Alarm over Trump’s protectionist leanings mounted earlier this month after he imposed hefty import tariffs on steel and aluminum under Section 232 of the 1962 U.S. Trade Expansion Act, which allows safeguards based on “national security”.
On Friday, Trump gave Canada, Mexico, Argentina, Australia, Brazil and South Korea and the European Union temporary exemptions. China was not exempted even though it was a far smaller supplier than Canada or South Korea.
Also omitted from the exemption list was U.S. ally Japan, though a government spokesman said Tokyo would press to be included. And Finance Minister Taro Aso expressed empathy with Washington over protecting intellectual property.
China’s retaliation against the U.S. tariffs on steel and aluminum appeared restrained.
China has drawn a list of 128 U.S. products that could be hit with tariffs if the two countries are unable to reach an agreement on trade issues, the ministry said.
Without giving a timeframe, the commerce ministry said China was considering implementing measures in two stages: first a 15 percent tariff on 120 products including steel pipes, dried fruit and wine worth $977 million, and later, a 25 percent tariff on $1.99 billion of pork and recycled aluminum.
U.S. wine exports to China last year were $79 million, according to the U.S. Wine Institute, which represents Californian wine makers.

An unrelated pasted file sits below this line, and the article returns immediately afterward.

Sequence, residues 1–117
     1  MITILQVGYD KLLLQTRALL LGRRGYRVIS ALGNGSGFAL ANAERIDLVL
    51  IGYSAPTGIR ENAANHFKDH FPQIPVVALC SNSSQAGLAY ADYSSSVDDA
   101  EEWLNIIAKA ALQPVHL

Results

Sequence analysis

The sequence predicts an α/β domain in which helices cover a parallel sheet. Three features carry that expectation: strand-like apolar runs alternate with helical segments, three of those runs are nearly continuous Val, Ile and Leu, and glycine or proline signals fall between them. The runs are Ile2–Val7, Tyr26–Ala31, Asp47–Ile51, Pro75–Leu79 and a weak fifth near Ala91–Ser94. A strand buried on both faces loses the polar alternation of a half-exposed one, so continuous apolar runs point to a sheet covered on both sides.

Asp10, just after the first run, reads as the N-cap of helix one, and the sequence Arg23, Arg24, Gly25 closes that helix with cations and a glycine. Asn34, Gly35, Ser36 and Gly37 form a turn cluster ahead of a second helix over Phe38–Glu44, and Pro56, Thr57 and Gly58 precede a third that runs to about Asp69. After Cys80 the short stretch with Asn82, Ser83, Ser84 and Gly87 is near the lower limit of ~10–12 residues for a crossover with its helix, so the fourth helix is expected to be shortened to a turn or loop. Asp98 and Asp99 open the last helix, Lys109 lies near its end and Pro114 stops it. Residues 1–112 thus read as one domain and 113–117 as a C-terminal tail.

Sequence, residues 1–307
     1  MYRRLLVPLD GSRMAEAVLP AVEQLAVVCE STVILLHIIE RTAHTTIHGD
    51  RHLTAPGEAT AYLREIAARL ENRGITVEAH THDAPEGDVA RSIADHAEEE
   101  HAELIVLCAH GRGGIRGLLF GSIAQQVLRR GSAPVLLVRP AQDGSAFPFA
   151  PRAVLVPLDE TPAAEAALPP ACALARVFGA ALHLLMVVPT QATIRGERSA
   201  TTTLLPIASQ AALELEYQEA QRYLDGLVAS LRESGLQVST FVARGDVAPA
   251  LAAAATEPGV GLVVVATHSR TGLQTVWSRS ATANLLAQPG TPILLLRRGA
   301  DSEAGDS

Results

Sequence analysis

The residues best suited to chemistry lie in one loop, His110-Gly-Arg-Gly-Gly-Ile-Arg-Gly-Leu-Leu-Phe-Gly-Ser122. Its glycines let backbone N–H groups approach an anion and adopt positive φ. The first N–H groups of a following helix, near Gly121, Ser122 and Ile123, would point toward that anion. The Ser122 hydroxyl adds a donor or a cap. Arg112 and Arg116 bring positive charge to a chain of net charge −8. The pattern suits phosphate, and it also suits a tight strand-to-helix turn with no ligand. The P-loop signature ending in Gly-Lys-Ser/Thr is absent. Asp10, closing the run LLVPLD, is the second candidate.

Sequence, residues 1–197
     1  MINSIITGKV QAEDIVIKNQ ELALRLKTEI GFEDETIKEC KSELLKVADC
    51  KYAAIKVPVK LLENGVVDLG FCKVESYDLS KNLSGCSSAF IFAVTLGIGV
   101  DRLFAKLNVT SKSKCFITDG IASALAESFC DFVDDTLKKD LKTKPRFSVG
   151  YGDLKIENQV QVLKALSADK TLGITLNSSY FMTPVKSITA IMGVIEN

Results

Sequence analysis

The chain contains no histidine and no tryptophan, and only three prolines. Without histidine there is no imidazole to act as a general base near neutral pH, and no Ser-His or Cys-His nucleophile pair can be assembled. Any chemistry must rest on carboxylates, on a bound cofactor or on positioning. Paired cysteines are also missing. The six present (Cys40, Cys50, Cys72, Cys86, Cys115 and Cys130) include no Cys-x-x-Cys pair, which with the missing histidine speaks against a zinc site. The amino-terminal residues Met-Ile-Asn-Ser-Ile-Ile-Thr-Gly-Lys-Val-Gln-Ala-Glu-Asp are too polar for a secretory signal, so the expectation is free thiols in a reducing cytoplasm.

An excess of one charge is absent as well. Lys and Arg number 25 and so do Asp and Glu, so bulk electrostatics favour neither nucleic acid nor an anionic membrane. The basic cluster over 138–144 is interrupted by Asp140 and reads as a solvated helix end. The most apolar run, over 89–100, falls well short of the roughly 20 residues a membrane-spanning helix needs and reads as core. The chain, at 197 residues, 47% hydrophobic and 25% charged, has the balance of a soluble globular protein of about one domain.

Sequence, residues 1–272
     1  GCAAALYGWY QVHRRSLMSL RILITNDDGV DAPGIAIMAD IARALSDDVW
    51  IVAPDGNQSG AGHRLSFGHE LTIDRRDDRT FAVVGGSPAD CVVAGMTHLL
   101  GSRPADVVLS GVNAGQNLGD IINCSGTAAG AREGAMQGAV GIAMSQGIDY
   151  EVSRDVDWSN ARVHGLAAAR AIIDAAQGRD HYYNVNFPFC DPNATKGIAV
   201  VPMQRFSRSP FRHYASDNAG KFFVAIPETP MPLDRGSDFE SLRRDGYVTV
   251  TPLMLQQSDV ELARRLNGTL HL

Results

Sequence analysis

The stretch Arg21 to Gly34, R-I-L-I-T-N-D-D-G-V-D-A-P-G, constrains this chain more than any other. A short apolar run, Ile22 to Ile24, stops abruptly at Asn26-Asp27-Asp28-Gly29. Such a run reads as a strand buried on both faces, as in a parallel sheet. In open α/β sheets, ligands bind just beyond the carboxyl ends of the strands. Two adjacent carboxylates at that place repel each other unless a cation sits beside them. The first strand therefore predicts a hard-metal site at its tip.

Fruit growers in California, Florida, Michigan and Washington all stood to lose as China’s list also included close to 80 fruit and nut products. The U.S. exported $669 million of fruit, frozen juice and nuts to China last year, and it was the top supplier of apples, cherries, walnuts and almonds.
“With the restrained response, China hopes Trump can realize his errors and mend his ways,” said Xu Hongcai, deputy chief economist at the China Centre for International Economic Exchanges, a Beijing think tank.
“If we really want to counter, the strongest response would be to target soybean and automobiles. China is drawing its bow but not firing. We still have some cards to play.”
Additional reporting by John Ruwitch, Elias Glenn, Dominique Patton, Josephine Mason, Ben Blanchard, Christian Shepherd, Meng Meng, Tom Daly, Wang Jing and Lusha Zhang; Editing By Simon Cameron-Moore